It is apparently seen from the data [Table 1] that in both types of explants, callus was induced on all the treatments. However, S 2 (MS supplemented with 1.0 mg/l BAP+2.0 mg/l NAA) induced better callus among all the treatments. The colour of callus ranged from green to white green to brown yellow in different treatments. At the end of 1st subculture, the intensity of callus was increased and maximum callus was noticed on S 2 treatment in both the explants [Table 2]. However, higher intensity was observed in nodal segments than leaf pieces. Normally, nodal segments produced globular callus.

The treatment S 3 (MS supplemented with 2.0 mg/l BAP+0.2 mg/l NAA) registered maximum regeneration of shoots. [Table 1]. Therefore, calli developed on other media combinations were also transferred to S 3 treatment for regeneration of shoots from callus. The shoots were regenerated through organogenesis from callus. The regeneration frequency was significantly lower in case of S 1 and S 6 calli. Maximum number of shoots were regenerated, when callus produced on S 2 treatment was transferred to S 3 treatment, whereas, length of shoot was noticed significantly higher on S 1 followed by S 2 and S 3 [Table 3].

The data on rooting response to different levels of IBA supplemented in half strength MS and one fourth strength MS medium are presented in [Table 4]. It was noticed that rooting response was statistically not influenced by the strength of MS medium and concentrations of IBA. However, interaction effect of strength of MS medium and concentrations of IBA was found significant. One hundred per cent rooting in the cultures was recorded on half strength MS medium supplemented with 0.2-1.0 mg/l IBA, whereas in case of quarter strength medium, it was noticed 100% when supplemented with 0.05-0.5 mg/l IBA. Maximum number of roots (9.47 roots/plantlet) were recorded on ¼ MS strength medium supplemented with 0.1 mg/l IBA treatment among all the treatments. Length of root was significantly infuenced by strength of MS medium and concentrations of IBA. In case of treatment combinations, maximum length of root was registered on quarter strength MS medium supplemented with 0.2 mg/l IBA treatment.

The survival rate of plantlets was infuenced by potting mixtures. Maximum number of survival of plantlets (63 per cent) was found in tera care potting medium [Table 5]. Addition of leaf mould or soil in tera care reduced the survival rate of plantlets.

For the culture of a number of callus tissues, auxin is the essential supplement which is needed to be added to the basal medium supplying inorganic ions and sugars [7] . Navarro et al . [8] also noted that auxin was essential supplement for induction of callus. The addition of cytokinin in the auxin medium has an additive effect on tissue growth has been demonstrated by other workers in a number of plant species [6] . Incorporation of BAP was also found to have beneficial effect on growth of callus in the present investigation.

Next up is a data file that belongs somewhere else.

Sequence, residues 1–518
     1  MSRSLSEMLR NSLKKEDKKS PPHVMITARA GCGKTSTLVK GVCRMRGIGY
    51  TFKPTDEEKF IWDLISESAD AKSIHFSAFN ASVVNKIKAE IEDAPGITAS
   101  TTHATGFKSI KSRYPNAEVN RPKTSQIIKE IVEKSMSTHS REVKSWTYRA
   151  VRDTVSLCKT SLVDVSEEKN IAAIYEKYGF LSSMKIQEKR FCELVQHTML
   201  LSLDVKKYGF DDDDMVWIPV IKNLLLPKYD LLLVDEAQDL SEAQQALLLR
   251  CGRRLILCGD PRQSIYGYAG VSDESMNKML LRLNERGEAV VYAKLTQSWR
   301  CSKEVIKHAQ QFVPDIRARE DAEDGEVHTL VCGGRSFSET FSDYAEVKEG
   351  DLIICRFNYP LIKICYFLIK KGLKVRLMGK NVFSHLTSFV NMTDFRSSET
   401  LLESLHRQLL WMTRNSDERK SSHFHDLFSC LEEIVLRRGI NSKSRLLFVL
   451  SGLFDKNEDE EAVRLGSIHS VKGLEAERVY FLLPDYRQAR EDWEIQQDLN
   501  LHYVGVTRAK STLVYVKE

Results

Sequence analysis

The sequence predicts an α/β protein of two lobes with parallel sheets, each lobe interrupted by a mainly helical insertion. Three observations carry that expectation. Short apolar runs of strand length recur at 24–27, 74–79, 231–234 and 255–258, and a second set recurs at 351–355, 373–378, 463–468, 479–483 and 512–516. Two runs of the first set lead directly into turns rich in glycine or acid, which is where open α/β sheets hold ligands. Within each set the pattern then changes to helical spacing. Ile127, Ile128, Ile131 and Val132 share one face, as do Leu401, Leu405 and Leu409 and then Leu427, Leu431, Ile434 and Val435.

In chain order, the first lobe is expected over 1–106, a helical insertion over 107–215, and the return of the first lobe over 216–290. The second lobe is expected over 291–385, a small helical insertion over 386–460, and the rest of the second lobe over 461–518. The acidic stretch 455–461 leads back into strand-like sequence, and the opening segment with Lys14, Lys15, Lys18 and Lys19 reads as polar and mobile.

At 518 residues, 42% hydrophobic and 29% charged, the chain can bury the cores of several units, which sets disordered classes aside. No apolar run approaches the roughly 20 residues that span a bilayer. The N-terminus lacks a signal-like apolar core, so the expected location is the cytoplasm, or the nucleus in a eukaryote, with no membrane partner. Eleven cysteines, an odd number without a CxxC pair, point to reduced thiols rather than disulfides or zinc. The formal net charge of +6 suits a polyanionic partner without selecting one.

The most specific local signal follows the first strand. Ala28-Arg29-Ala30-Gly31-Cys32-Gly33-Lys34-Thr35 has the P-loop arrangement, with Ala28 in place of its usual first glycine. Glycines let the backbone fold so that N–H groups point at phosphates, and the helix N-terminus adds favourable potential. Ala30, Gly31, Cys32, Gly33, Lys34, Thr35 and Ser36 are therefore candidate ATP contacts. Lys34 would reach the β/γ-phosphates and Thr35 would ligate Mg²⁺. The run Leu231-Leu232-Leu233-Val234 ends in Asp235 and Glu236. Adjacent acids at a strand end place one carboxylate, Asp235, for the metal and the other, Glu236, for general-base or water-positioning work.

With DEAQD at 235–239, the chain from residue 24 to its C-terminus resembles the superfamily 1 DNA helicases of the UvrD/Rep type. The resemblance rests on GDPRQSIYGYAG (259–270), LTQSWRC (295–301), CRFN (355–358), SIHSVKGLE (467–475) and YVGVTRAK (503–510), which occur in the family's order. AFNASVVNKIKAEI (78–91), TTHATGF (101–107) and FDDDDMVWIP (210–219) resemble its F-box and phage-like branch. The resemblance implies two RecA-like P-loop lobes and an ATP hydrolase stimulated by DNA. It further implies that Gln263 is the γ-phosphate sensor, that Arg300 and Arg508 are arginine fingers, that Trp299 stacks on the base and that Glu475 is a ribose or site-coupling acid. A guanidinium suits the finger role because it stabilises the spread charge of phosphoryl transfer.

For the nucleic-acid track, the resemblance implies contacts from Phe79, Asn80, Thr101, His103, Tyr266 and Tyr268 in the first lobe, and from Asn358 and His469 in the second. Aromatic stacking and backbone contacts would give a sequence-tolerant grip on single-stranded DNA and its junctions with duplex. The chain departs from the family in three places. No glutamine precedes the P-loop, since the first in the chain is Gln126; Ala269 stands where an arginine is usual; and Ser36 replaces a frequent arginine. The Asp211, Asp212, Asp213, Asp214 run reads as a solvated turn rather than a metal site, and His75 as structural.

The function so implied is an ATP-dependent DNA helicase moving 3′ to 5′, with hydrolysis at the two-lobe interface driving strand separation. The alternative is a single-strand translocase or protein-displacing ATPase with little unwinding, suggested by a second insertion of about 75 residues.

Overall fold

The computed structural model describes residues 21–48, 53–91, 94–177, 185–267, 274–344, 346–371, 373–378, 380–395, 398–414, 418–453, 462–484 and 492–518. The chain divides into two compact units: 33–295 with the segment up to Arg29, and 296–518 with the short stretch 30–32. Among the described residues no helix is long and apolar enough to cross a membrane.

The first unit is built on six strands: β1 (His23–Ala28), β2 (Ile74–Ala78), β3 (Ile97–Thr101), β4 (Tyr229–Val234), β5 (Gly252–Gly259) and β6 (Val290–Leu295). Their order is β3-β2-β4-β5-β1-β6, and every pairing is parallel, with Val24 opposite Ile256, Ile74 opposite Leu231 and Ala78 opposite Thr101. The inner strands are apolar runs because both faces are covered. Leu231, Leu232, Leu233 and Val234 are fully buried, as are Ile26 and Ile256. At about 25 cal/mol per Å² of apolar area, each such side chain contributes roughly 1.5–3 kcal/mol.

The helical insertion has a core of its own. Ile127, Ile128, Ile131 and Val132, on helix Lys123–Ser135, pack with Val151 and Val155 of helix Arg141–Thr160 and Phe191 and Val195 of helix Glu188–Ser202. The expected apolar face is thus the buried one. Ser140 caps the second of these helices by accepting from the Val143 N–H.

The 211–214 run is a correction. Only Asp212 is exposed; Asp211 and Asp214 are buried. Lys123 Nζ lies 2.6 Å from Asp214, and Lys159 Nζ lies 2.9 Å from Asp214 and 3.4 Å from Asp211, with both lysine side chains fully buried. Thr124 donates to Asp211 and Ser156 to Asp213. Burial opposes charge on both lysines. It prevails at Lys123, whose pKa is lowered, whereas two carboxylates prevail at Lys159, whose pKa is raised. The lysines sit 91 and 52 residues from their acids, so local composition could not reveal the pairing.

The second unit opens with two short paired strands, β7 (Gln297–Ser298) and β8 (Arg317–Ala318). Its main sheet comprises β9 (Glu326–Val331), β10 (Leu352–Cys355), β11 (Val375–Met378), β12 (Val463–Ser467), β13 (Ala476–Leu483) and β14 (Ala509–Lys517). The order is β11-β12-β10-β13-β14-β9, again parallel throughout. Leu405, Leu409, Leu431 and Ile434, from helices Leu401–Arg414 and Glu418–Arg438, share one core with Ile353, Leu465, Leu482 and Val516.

The role of cytokinin in shoot organogenesis is well established [9],[10],[11] . In the present investigation, MS medium supplemented with high ratio of cytokinin (BAP) and auxin (NAA) responsed favourably for regeneration of shoots. However, in other studies of micropropagation [4] , maximum number of shoots were reported on MS medium supplemented with 0.6 mg/l BA. The difference may be due to source of explant and hormonal levels used in callus culture.

Addition of Auxin in the MS medium at adequate levels enhanced root formation. In our studies better response of rooting were observed on ¼ strength MS medium supplemented with 0.1 mg/l IBA. The present investigation is in agreement with findings of Ferreira and Handro [12] who also reported optimum concenrtation for root formation at 0.1 mg/l IBA. On the other hand, better rooting response was reported by Tadhani et al. [4] on MS medium supplementd with 1 mg/l IBA in case of Stevia. The variation may be due to the source of explant, the change in microclimate and may vary with the strength of rooting MS medium, which was observed in the present study.

In vitro plants need to be hardened before being transplanted in the field. In the present study, potting mixture tera care performed well with better survival of the plantlets. The potting mixture used may help in giving better grip for the rooting and ample aeration. The survival of in vitro plants also depends upon plant species and the potting mixture used for raising in vitro plants under greenhouse conditions. The other reports on potting mixtures such as peat:perlite [13] , sand:soil:vermiculite [11] , etc. were reported for establishment of in vitro plants under greenhouse conditions. The technique developed may be utilized efficiently for producing true type and disease free planting materials on large scale during any time of the year.

   References Top

1.Kinghorn AD, Soejarto DD. In: Hikini H, Farnsworth NR. editors Economical and Medicinal Plant Research, Vol.1 New York: Academic Press; 1985. p. 1-52.  Back to cited text no. 1    
2.Carneiro JWP, Muniz AS, Guedes TA. Greenhouse bedding plant production of Stevia rebaudiana Bertoni. Can J Plant Sci 1997;77: 473-4.  Back to cited text no. 2    
3.Takayama S, Akita M. The types of bioreactors used for shoots and embryos. Plant cell Tiss Organ cul 1994;39:147-56.   Back to cited text no. 3    
4.Tadhani MB, Jadeja RP, Rena S. Micropropagation of Stevia rebaudiana Bertoni using multiple shoot culture. J Cell Tiss Res 2006;6:545-8.  Back to cited text no. 4    
5.Miyagawa H, Fujioka N, Kohda H, Yamasaki K, Taniguchi K, Tanaka R. Studies on the tissue culture of Stevia rebaudiana and its components (IInd) Induction of shoot primordia. Planta Medica 1986;45:321-2.  Back to cited text no. 5    
6.Murashige T, Skoog F. A revised medium for rapid growth and bioassays with tobacco tissue culture. Physio Plant 1962;15:473-9.  Back to cited text no. 6    
7.Gautheret RJ. The nutrition of plant tissue culture. Ann Rev Plant Physiol 1955;6:433.  Back to cited text no. 7    
8.Navarro C, Rosa Ma E, May A . In vitro plant regeneration from embryogenic cultures of a diploid and triploid Cavendish banana. Plant Cell Tissue Org Cult 1997;51:17-25.  Back to cited text no. 8    
9.Evans DA, Sharp WR, Flirk CE. Growth and behaviour of cell cultures embryogenesis and organogenesis. In: Thorpe TA. editor. Plant Tissue Culture: Methods and Applications in Agriculture. New York: Acadamic Press Inc; 1981. p. 45-114.   Back to cited text no. 9    
10.Skoog F, Miller CO. Chemical regulation of growth and organ formation in plant tissues cultured In vitro . Exp Biol 1957;11:118-31.  Back to cited text no. 10    
11.Patel RM, Shah RR. Creating a novel plant type through callus culture in foliage ornamental Furcraea ( Furcraea gigantea. Vent.). National Seminar on Recent Advances in Indian Floriculture, Trichure, 12-14 Nov, 2003. Compendium 2003. p. 212-4.  Back to cited text no. 11    
12.Ferreira CM, Handro W. Micropropagation of Stevia rebaudiana through leaf explantsa from adult plants. Planta Medica 1988;54:157-60.   Back to cited text no. 12  [PUBMED]  [FULLTEXT]
13.Litz RE, Conover RA. Recent advances in papaya tissue culture. Proc Fla State Hort Soc 1978;91:180-2.  Back to cited text no. 13    


  [Table 1], [Table 2], [Table 3], [Table 4], [Table 5]